Ceremony to honor veterans


Staff Writer

Friday, November 8, 2019

Although the Veterans Day ceremony in Rocky Mount is going to be at 11 a.m. on Monday, James Ervin and his fellow veterans will be heading to Southern Nash Middle School today to share their experiences with students there.

Ervin, 77, who is a member of American Legion Post 110 in Nashville, said the longtime routine in advance has been for a roster of veterans to be posted at the school.

Ervin said each student takes down the name of a veteran and sends that veteran an invitation to come to the campus.

“So it gets one-on-one, real personal,” Ervin said.

Today’s program at Southern Nash Middle is from 9-11 a.m.

As for what he is going to tell the student who invited him, Ervin laughed and said, “Well, they ask all the questions. We try to be as honest as we can without being morbid or gruesome about certain events.”

Ervin spoke of the students thinking of fighting and war when they think of soldiers, so the gathering will provide him and his fellow veterans the chance to let the students see the other side of those who were warriors.

“We’re citizens just like everybody else,” Ervin said.

Veterans Day is the national holiday honoring veterans of the armed forces and those killed in America’s wars. The observance can be traced back to 1919, which was the first anniversary of the end of World War I.

The main local Veterans Day gathering will be at the Rocky Mount Veterans Memorial at Jack Laughery Park off North Church Street.

As for what Veterans Day means to him, Ervin, who served stateside during the Vietnam War, spoke of losing several friends as a result of the fighting in Southeast Asia.

“It always reminds me of the life unlived by friends that I knew and went to school with,” Ervin said. “I always think about the sacrifices they’ve made.”

Ervin also said he of course thinks about the sacrifices veterans made during other conflicts and wars.

His military service was from 1963-75, in the Army and the Army Reserve.

Rocky Mount-based American Legion Post Commander Willie Smith, 71, served in the Army from 1968-93, including in then-South Vietnam in 1969 and 1970.

As for what Veterans Day means to him, Smith spoke of recently going to Tarboro to see The Wall That Heals, which is a three-quarter replica of the Vietnam Veterans Memorial in Washington, D.C.

Smith said of seeing the replica of the Vietnam Veterans Memorial, “It means that I made it home.”

More than 58,000 Americans lost their lives in Southeast Asia.

Smith spoke about how tough the situation was at the time of the Vietnam War, both due to the intensity of the fighting in Southeast Asia and the anti-war opposition in the United States.

Additionally, Smith had to report to begin his military service on April 10, 1968, six days after the Rev. Martin Luther King Jr. was assassinated in Memphis, Tenn.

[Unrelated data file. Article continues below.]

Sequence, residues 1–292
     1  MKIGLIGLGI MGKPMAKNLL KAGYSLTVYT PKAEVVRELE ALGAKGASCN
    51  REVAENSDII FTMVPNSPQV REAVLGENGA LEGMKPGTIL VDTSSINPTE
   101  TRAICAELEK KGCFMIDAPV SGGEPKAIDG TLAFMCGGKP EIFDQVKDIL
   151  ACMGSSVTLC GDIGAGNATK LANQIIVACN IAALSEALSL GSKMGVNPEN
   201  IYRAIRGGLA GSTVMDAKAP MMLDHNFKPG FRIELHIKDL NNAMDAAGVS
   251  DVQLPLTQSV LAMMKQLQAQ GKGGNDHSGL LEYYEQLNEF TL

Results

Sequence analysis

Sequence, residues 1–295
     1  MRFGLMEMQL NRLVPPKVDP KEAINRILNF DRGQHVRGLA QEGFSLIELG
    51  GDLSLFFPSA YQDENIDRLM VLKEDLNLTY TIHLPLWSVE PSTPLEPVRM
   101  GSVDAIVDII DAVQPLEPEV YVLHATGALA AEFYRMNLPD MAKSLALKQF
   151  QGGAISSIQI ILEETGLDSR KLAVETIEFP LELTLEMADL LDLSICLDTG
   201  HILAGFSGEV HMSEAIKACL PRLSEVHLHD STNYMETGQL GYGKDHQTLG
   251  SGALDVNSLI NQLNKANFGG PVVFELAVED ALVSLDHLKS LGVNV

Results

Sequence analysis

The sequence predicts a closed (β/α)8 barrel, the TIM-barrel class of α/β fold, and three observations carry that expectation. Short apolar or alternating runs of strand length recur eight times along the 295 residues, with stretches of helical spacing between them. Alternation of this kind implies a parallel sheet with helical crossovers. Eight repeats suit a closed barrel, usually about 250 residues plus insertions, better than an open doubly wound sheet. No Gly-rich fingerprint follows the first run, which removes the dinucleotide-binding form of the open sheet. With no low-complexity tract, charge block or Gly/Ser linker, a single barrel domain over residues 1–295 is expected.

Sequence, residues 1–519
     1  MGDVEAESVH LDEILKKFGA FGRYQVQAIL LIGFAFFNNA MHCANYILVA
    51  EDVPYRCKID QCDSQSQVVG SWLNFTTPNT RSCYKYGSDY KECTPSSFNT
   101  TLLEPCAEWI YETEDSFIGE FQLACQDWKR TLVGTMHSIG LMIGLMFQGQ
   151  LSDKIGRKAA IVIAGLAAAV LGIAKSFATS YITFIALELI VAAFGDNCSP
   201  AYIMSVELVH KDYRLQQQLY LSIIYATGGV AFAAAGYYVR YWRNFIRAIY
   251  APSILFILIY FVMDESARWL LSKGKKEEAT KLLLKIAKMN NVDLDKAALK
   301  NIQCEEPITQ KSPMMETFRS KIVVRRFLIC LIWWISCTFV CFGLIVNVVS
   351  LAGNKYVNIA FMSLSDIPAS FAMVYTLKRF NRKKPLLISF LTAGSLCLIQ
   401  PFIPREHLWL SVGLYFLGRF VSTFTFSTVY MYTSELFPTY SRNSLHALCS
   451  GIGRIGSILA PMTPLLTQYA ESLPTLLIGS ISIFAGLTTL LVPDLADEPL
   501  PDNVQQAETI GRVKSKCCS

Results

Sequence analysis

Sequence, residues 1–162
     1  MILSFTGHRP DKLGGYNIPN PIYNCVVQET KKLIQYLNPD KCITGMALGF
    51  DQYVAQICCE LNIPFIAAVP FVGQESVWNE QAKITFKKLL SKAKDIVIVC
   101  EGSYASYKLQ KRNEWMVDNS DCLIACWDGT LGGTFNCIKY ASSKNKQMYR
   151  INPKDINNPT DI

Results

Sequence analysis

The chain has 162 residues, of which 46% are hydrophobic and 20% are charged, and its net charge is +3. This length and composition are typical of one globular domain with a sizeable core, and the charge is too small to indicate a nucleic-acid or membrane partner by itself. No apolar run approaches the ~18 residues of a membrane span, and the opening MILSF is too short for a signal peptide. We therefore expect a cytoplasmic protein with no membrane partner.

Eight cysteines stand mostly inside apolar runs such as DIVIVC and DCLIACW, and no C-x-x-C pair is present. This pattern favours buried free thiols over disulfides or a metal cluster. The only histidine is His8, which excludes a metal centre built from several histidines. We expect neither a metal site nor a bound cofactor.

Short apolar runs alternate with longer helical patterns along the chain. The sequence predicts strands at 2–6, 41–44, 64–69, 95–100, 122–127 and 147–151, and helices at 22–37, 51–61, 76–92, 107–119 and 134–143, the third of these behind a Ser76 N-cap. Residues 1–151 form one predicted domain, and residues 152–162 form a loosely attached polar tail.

Smith admired and respected King.

“It’s hard because, see, once I got to Fort Bragg, they were training me to go to war, plus training me to do riot control,” he said.

Charles Minton, who is commandant of the Cpl. Suzi Sannes Detachment 1262 of the Marine Corps League, said he will not be able to attend the ceremony at Jack Laughery Park. That is because Minton works in facilities maintenance at the McLane food service facility off Meadowbrook Road.

However, Minton said plans at the facility are for a ceremony at 9 a.m. on Monday, with U.S. and service branch flags to be raised.

He also said the plan is to place placards out in honor of each employee who served in the military, with the gathering to include each veteran standing behind his or her respective placard.

Then, he said, there will be a reciting of the Pledge of Allegiance and the singing of the National Anthem.

Minton, 54, served in the Marines from 1983-2005.

Today, Minton said, “I mean, it’s a whole new breed of veterans out there — and it’s just amazing what these young men and women are doing on the battlefield and at home.”

Asked to elaborate, Minton said, “With today’s society, they’re smarter. They know a lot more.

“And they’re more technology inclined. And the warfare is moving that way and they’re easier to adapt to what’s going on in front of them,” he said.

Tarboro also will be the scene of two Veterans Day gatherings.

The first is the Pilot Club’s 28th Veterans Day Observance, which will be at 11 a.m. on Monday at the Veterans Memorial in the Town Common.

The second will be at 1 p.m., also on Monday, under the mural on the south side of the Colonial Theater and adjacent to the Edgecombe County Veterans Military Museum.

The plan at the second gathering is to conduct a memorial brick laying below the murals. The museum conducts brick layings twice yearly.

To order a brick, phone the museum at 252-823-0891.